June 16, 2003

Web Hosts encouraged to profit from The Traverser

tcleland writes "While The Traverser can be used for personal web applications, such as the recently released Grocery List example, it can also be used to expand the audience for web hosting companies.

In addition to the typical HTML foundation, many web hosting companies also offer MySQL and PHP. These hosts can now place The Traverser as an additional layer on top of that, enabling their customers to efficiently set up relational database applications, and share the data with anyone in the world.

Monetary income from The Traverser can be generated in a number of ways. The simplest way, from a web host's perspective, would be to offer MySQL and PHP, charge as normal, and let the user install The Traverser in their space. To make it easier for the customer, however, hosts can pre-install The Traverser and issue passwords to database administrators, then check the size of the MySQL database, and charge based on the amount of disk space used. Yet another way might be to provide useful reference content and charge a fraction of a cent for each page visited.

Because The Traverser is released under the GNU GPL (General Public License), it can be freely obtained and modified, and you can apply a financial charge when the program is run. You can also charge if people want to download a copy of the source code from your site. If The Traverser itself is modified and re-released, however, it must be under the GNU GPL.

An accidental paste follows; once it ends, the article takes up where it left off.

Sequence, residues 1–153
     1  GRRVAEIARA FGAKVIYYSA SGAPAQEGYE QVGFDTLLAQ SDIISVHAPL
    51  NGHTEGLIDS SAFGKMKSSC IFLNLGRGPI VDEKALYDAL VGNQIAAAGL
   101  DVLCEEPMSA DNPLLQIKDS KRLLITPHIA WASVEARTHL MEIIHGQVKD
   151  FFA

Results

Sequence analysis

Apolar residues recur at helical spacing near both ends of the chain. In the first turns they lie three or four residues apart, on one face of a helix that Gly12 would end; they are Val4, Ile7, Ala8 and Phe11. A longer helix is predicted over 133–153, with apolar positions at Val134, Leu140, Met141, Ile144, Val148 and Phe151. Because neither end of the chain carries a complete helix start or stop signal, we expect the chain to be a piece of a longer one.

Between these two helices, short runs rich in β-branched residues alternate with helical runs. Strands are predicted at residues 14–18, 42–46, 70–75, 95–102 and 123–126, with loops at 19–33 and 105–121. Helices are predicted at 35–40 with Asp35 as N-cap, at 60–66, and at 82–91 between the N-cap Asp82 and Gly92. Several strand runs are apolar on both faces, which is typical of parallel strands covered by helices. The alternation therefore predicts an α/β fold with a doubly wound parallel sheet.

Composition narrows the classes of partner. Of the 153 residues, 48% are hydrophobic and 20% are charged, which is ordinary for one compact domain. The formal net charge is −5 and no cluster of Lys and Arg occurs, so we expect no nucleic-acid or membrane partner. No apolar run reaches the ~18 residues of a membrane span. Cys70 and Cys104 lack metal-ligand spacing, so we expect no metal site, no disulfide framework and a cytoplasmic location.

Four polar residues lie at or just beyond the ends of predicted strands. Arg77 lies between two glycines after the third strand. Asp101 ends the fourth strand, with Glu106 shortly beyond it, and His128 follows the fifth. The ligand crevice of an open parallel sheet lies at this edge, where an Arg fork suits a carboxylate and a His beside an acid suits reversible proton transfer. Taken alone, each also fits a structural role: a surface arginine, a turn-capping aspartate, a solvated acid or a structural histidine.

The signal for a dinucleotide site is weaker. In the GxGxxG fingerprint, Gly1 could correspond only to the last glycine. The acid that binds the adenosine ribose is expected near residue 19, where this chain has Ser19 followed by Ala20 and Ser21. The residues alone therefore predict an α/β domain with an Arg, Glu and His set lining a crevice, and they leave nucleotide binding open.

The Traverser comes with five security levels. A web host's customer is granted the topmost administrator level. The administrator then in turn grants privileges to other users of a database. Some users can design tables and relate them together, while others are allowed to edit the data in the tables. There is also a read-only level, and a level that allows users to create records, but not delete them.

The content possibilities for The Traverser are as varied as the world around us. It lends itself best to extended hierarchies of information. For example, a sports statistics database might contain the following chain of tables: league, division, team, player, and year. A geographic database might contain country, state-province, and city; and a scientific database might contain cluster, galaxy, star, planet, moon, compound, molecule, element, particle, and quark. Surfing to get at the information you need becomes tighter than a full-blown web engine search.

The Traverser also lends itself well in many-to-many relationships such as class-student, order-product, and flag-color.

"I would set up some of these databases myself," said Tom Cleland, author of The Traverser, "but I feel my role is to hang back and address any issues that may arise."

Another factor limiting Cleland's involvement is a recent job change. He is currently working as a street canvasser for an environmental organization.

"In these urgent times, I'm ready to take a break from programming," said Cleland. "I am hopeful that others will take up the baton and carry on the spirit of The Traverser."


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